Singapore regulator says it received 21 applications for digital bank licenses

Signage for the Monetary Authority of Singapore (MAS) is displayed outside the central bank’s headquarters in Singapore.

Sam Kang Li | Bloomberg | Getty Images

Singapore has received 21 applications from several consortiums and companies for the five digital bank licenses that are up for grabs, the country’s financial regulator said on Tuesday.

The Monetary Authority of Singapore shook up the country’s banking sector for the first time in two decades when it announced last year it would issue two digital full bank and three digital wholesale bank licenses. That would potentially allow technology players and non-banking companies to challenge traditional lenders in the city-state.

The regulator will announce its decision in June and the winners are expected to start their businesses by mid-2021.

Applicants for those licenses include e-commerce firms, tech and telecommunications companies, crowd-funding platforms and payment services providers, according to MAS.

MAS has outlined the difference between applicants for digital full bank licenses and wholesale digital bank licenses. Digital full bank applicants must be “anchored in Singapore, controlled by Singaporeans and headquartered in Singapore,” while wholesale digital banks can be controlled by either Singaporeans or foreign entities.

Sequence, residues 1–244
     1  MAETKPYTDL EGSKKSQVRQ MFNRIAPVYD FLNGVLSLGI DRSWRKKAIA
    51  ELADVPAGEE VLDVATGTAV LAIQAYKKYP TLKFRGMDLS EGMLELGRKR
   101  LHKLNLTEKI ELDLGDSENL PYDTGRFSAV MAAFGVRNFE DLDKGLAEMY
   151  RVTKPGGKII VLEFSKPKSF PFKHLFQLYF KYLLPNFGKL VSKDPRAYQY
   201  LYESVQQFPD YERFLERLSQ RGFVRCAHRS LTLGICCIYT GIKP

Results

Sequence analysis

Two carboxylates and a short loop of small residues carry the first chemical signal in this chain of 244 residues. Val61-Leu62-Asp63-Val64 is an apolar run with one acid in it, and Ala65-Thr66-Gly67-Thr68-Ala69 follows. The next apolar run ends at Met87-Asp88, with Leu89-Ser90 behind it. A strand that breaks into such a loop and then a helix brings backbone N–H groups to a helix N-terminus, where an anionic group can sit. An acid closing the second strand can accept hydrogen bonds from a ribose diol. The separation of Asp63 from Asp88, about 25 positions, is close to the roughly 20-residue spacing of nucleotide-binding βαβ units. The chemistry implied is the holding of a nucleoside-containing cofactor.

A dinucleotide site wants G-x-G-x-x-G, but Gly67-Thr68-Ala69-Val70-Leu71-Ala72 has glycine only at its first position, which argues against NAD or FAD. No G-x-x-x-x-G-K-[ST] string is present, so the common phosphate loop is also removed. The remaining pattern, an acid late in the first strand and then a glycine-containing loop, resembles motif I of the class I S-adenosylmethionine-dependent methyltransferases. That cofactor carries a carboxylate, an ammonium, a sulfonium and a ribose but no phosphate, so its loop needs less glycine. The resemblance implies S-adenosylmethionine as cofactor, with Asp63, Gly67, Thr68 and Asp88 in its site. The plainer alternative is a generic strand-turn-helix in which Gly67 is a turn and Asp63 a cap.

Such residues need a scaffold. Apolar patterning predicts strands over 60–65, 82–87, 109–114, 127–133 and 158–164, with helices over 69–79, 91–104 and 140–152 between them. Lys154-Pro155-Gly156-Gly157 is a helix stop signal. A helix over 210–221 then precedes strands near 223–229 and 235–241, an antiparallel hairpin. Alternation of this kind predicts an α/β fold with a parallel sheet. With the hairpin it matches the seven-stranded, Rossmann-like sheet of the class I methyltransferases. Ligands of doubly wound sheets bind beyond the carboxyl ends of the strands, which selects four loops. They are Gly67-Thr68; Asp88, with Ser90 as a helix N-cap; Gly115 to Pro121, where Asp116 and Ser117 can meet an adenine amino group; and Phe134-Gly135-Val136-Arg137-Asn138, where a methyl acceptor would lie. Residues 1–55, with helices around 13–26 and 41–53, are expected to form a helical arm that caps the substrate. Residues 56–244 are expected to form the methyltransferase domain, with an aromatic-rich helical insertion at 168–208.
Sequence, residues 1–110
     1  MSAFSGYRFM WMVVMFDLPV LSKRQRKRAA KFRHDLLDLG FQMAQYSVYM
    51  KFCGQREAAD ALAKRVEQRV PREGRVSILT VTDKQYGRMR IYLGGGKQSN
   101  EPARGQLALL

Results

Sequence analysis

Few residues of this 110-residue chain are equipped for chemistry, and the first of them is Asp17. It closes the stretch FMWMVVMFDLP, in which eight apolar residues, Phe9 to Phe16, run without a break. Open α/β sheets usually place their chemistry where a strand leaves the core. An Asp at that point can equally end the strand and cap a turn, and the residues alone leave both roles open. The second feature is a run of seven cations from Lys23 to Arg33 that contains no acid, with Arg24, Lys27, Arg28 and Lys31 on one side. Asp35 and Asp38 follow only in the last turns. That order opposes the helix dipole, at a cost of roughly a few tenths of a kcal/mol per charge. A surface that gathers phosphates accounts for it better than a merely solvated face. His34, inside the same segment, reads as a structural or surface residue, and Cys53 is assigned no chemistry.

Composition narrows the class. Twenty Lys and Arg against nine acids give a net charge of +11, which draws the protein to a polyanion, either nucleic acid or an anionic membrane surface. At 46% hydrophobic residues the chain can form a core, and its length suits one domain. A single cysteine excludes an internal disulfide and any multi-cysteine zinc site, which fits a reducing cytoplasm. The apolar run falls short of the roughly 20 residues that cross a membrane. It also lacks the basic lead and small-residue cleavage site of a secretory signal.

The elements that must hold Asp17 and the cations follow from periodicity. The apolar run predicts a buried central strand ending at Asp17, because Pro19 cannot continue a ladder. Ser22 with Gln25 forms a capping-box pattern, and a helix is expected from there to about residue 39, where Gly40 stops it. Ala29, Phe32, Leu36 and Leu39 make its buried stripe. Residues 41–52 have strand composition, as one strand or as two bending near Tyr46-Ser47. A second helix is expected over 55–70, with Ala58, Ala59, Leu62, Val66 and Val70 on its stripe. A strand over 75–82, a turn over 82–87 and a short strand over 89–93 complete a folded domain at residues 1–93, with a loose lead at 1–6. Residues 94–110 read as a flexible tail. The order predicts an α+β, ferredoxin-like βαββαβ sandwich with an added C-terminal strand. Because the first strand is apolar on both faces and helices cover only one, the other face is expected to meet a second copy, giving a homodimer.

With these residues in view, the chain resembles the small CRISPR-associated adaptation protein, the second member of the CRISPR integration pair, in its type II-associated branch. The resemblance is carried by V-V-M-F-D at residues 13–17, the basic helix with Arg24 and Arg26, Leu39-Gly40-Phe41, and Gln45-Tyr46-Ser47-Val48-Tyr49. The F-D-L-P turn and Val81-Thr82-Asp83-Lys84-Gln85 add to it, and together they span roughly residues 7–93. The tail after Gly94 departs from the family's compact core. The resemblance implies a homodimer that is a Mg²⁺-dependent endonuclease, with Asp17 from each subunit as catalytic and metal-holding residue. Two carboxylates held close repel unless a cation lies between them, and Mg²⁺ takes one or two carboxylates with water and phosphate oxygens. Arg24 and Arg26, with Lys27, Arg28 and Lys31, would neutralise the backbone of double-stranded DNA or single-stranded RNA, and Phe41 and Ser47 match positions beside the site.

Digital full bank

There were seven applicants for the two digital full bank licenses that would allow non-banking entities to take deposits from retail customers.

Initially, the successful entities would operate with some restrictions — they must have at least 15 million Singapore dollars ($11.12 million) funded by its founders or shareholders, and they can only collect a maximum of S$50 million in total deposits. Each customer can only deposit a maximum of S$75,000. The banks would only be able to offer “simple capital market products” to retail customers.

When all of MAS’ requirements are met, the restrictions would be lifted and the entities would be able to operate with no deposit caps and a minimum paid-up capital of S$1.5 billion.

Digital wholesale bank

There were 14 applicants for the three digital wholesale bank licenses that would allow companies to lend to small and medium-sized businesses, which frequently struggle to find funding sources.

Digital wholesale banks would be subjected to the same regulatory requirements as existing wholesale banks, which includes a paid-up capital of S$100 million.

Companies that have publicly disclosed their applications for the digital full bank or digital wholesale bank licenses include:

The latest company to disclose its application on Tuesday was the U.S. listed internet company Sea, which owns the Southeast Asian e-commerce platform Shopee.

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